Journal of Applied Finance & Banking

Structured Bonds and Greek Demons. Is the attack ”fair”?

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  • Abstract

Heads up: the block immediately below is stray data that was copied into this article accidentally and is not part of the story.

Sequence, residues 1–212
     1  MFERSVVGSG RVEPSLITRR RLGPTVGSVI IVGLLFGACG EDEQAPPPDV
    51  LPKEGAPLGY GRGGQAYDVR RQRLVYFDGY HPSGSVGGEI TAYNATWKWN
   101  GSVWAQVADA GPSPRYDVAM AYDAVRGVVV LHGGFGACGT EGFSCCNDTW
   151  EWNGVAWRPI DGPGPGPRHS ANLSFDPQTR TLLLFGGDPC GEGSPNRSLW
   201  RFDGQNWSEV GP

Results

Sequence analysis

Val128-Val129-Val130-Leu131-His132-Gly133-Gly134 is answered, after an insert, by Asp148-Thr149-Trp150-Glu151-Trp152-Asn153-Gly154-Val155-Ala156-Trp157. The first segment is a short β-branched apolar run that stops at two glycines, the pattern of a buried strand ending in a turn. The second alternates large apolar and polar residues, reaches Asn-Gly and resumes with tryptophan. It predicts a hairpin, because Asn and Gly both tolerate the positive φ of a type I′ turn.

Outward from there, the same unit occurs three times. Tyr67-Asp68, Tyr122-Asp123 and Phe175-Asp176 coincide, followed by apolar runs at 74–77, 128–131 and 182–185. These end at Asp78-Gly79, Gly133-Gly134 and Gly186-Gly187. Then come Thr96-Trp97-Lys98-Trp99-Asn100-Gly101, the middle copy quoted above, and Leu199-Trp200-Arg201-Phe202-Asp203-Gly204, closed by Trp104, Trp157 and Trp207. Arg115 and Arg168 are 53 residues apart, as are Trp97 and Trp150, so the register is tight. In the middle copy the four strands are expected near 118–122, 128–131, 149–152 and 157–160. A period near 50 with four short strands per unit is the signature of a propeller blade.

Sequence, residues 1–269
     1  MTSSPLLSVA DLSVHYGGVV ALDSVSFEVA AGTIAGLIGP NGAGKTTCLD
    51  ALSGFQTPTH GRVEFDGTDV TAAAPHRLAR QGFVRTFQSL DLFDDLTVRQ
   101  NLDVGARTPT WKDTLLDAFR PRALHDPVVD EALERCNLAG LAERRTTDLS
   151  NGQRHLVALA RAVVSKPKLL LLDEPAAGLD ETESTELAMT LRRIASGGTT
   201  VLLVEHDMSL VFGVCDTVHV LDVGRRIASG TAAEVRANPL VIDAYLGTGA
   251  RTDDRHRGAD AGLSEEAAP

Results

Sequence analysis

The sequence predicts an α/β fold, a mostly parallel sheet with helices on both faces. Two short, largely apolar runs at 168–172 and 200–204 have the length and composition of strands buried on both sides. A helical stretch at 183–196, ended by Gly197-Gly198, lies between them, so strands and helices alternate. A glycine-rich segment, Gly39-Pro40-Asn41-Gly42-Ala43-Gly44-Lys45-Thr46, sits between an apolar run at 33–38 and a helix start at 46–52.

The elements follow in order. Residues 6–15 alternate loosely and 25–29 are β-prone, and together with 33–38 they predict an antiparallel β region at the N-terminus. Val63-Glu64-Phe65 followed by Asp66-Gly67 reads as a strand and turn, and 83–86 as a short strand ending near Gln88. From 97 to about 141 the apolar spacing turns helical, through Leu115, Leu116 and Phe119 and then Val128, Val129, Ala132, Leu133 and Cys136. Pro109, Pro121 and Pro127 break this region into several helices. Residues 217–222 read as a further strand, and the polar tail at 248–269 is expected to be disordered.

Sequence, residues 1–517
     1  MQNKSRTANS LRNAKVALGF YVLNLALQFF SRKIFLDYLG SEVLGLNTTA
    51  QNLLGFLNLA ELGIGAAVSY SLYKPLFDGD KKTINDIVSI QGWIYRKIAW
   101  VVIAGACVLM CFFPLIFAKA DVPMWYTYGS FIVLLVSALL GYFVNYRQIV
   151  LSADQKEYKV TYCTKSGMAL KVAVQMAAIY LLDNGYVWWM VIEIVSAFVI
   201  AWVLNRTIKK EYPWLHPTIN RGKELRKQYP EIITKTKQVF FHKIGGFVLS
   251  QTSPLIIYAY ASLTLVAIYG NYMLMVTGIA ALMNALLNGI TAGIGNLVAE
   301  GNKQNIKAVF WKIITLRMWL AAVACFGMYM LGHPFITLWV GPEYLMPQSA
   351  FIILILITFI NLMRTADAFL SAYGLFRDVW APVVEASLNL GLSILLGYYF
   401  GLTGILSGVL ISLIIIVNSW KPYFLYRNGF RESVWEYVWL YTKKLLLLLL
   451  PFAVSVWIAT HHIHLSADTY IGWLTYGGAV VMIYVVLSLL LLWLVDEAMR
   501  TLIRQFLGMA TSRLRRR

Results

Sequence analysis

The severe political turmoil provoked by an allegedly mispriced private bond issue in Greece added to the controversial matter of whether prices of structured bonds sold to investors are ”fair” or not. In this paper structured bond market is analysed with particular focus on valuation issues. It is argued that in practice prices are subjective, there is not a unique price that a structured bond should be transacted and model prices are in general irrelevant to the investor unless he has access to the underlying swap market. Consequently, the notion ”overpricing” (conventionally defined as the difference between model and transacted price) is misleading. Boundaries for prices as seen by investors and issuers are constructed under a set of simplified assumptions. Issue price is the recommended price that a structured bond should be offered in the primary market and in most cases differs from model price. Competition among issuers should minimize the difference between them. The analysis of the market in Greece has revealed investors’ preferences to capital guaranteed interest rate linked bonds with mild structuring. Despite popular belief, overpricing was soft with the absence of the usual marketing pitfalls that happened elsewhere. Exception were the Tier I structured bonds issued by local banks.